Enforcing Social Trust in Boston: Why Cyclists Shouldn’t Run Red Lights [BostInno]

Editor’s Note: Josh Zisson is a Boston-based attorney specializing in bike law. Check out his blog atBikeSafeBoston.com and find him on Twitter@BikeSafeBoston.
Running red lights on a bike is illegal. Specifically, Massachusetts General Law Chapter 89, Section 9 forbids it. However, I realized that in order to fully explain why we shouldn’t run red lights, I need to provide a rock-solid reason that all of us can agree on.At first, though, I didn’t really have one. Sure, it’s against the law, but we all know that that’s rarely enforced. It can be extremely dangerous, but most of the time it’s perfectly safe. It breaks the “social trust,” but what does that even mean?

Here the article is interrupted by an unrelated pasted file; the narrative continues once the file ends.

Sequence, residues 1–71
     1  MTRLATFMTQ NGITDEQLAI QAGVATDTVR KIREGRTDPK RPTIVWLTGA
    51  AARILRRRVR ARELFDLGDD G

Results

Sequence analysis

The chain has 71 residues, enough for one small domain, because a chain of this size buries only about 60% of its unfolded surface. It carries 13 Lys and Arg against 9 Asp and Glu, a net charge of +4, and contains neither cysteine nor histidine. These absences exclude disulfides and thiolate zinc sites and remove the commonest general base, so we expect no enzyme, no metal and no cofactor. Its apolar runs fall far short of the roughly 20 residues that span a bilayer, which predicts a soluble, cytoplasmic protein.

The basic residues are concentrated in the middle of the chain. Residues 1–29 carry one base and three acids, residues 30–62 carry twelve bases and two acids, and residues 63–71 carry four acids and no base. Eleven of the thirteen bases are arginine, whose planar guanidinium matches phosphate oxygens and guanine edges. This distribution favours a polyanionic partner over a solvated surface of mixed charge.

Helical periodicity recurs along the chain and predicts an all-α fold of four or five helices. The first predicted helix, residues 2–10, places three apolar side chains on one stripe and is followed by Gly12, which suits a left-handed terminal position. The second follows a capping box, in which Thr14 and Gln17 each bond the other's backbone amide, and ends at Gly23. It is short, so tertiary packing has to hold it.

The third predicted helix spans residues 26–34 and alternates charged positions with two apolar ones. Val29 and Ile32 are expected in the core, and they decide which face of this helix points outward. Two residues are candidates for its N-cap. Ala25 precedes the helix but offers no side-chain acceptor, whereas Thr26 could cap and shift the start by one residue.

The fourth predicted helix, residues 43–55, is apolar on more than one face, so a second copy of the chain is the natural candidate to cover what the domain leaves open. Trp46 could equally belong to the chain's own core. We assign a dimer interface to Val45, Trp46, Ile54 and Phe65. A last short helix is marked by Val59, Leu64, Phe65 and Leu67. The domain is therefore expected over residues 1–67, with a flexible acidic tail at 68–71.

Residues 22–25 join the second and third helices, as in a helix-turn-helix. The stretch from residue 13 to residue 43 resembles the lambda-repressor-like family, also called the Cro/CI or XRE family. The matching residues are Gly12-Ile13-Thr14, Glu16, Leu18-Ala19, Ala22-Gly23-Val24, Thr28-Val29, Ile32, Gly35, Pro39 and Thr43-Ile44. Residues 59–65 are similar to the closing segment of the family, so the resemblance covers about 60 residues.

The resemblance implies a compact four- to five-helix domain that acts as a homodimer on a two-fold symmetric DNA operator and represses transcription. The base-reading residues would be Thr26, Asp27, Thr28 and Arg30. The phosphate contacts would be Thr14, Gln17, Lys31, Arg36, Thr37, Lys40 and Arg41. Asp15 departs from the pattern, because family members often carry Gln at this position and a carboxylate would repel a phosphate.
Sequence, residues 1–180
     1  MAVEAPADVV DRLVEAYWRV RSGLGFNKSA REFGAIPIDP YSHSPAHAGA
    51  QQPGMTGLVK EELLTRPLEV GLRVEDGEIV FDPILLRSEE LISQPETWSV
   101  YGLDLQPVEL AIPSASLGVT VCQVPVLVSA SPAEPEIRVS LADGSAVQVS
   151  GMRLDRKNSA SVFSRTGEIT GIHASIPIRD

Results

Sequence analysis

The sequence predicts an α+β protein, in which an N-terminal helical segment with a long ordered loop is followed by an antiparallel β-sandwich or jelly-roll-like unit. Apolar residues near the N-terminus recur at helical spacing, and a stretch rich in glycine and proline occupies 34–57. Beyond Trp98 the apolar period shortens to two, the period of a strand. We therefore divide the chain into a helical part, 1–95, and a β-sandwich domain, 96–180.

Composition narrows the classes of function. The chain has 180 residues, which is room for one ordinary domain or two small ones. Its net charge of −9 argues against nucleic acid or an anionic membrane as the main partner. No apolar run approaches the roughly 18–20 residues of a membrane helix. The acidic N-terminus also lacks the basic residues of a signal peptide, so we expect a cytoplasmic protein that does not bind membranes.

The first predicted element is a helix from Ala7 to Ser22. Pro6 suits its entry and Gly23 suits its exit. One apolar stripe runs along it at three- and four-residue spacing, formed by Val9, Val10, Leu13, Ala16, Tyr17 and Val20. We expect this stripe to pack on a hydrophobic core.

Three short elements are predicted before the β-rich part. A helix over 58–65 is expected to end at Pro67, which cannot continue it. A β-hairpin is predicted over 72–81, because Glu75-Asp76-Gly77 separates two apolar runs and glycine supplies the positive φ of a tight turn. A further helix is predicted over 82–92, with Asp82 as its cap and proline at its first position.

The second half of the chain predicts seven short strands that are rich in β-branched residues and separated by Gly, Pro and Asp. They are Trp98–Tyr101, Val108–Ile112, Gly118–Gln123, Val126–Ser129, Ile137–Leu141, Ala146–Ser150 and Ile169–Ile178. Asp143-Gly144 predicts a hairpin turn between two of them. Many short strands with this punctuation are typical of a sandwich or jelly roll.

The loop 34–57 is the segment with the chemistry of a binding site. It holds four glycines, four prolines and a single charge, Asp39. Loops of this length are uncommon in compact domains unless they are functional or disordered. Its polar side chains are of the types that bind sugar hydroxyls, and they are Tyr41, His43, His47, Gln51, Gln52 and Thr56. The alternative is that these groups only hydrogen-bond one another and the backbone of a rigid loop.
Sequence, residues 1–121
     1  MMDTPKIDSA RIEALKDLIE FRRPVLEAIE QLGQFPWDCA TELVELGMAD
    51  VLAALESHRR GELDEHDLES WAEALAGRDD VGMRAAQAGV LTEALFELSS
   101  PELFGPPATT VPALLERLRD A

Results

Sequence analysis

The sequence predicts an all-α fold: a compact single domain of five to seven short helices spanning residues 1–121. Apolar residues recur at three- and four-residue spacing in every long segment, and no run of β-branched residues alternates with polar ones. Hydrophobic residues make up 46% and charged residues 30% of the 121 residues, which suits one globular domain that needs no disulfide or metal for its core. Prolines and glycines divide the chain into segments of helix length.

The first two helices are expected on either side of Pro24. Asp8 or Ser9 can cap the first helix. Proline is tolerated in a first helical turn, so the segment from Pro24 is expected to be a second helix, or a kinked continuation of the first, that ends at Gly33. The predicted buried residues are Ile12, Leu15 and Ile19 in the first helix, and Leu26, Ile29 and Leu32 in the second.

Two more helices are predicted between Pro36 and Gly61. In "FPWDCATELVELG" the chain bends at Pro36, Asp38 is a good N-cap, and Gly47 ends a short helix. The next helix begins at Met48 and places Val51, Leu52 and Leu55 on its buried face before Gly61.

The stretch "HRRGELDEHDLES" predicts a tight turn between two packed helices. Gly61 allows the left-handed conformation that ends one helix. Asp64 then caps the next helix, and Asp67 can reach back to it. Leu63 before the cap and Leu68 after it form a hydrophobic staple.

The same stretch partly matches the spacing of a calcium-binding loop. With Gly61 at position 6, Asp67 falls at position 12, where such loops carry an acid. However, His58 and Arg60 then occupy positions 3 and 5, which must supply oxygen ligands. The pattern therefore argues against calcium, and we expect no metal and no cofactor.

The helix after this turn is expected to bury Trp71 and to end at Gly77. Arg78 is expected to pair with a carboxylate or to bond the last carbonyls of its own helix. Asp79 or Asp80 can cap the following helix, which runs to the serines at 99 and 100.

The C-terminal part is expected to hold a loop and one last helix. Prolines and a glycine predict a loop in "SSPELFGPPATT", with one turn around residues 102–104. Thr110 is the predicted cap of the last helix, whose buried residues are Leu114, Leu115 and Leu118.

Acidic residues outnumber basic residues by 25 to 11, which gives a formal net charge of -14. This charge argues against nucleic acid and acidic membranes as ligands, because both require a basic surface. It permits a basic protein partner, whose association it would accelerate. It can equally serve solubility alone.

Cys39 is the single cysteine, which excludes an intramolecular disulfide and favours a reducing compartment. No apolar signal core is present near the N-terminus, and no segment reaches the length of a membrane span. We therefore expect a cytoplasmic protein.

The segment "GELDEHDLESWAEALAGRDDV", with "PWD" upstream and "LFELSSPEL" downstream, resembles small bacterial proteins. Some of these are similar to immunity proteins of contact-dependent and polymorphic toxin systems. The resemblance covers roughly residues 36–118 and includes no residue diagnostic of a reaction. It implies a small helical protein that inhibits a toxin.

As someone who formerly ran red lights with great zeal, I had plenty of reasons not to stop:
  • “I need to maintain my momentum! All they have to do is press a pedal, for me it’shard work.”
  • “It’s actually safer! I’m most vulnerable and off-balance when I’m starting out from a dead stop.”
  • “I can see and hear way more on my bike than a driver can, so I’m in a better position to tell when it’s safe to cross.”
  • “I’m doing the cars a favor; I can get out of their way if I can stay ahead of them.”
  • “I’d only really hurt myself anyway. Why can’t I choose to risk my own safety?”